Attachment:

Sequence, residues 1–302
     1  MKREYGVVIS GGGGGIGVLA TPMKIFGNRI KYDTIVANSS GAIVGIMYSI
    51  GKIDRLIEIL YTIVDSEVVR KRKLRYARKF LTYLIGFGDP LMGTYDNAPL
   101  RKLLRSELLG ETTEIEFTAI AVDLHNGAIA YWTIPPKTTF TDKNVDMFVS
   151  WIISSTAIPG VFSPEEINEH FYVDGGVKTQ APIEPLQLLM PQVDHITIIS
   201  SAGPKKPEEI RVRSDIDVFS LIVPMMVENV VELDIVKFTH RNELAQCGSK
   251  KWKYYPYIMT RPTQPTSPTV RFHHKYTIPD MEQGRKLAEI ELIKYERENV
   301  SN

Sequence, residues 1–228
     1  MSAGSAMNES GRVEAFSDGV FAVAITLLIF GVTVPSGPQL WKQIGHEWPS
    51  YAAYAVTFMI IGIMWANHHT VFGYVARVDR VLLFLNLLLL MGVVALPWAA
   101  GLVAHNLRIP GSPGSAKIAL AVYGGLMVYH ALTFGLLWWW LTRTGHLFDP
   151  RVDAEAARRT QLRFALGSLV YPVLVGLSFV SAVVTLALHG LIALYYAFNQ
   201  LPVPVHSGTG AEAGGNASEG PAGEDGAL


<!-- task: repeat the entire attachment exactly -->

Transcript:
Sequence, residues 1–302
     1  MKREYGVVIS GGGGGIGVLA TPMKIFGNRI KYDTIVANSS GAIVGIMYSI
    51  GKIDRLIEIL YTIVDSEVVR KRKLRYARKF LTYLIGFGDP LMGTYDNAPL
   101  RKLLRSELLG ETTEIEFTAI AVDLHNGAIA YWTIPPKTTF TDKNVDMFVS
   151  WIISSTAIPG VFSPEEINEH FYVDGGVKTQ APIEPLQLLM PQVDHITIIS
   201  SAGPKKPEEI RVRSDIDVFS LIVPMMVENV VELDIVKFTH RNELAQCGSK
   251  KWKYYPYIMT RPTQPTSPTV RFHHKYTIPD MEQGRKLAEI ELIKYERENV
   301  SN

Sequence, residues 1–228
     1  MSAGSAMNES GRVEAFSDGV FAVAITLLIF GVTVPSGPQL WKQIGHEWPS
    51  YAAYAVTFMI IGIMWANHHT VFGYVARVDR VLLFLNLLLL MGVVALPWAA
   101  GLVAHNLRIP GSPGSAKIAL AVYGGLMVYH ALTFGLLWWW LTRTGHLFDP
   151  RVDAEAARRT QLRFALGSLV YPVLVGLSFV SAVVTLALHG LIALYYAFNQ
   201  LPVPVHSGTG AEAGGNASEG PAGEDGAL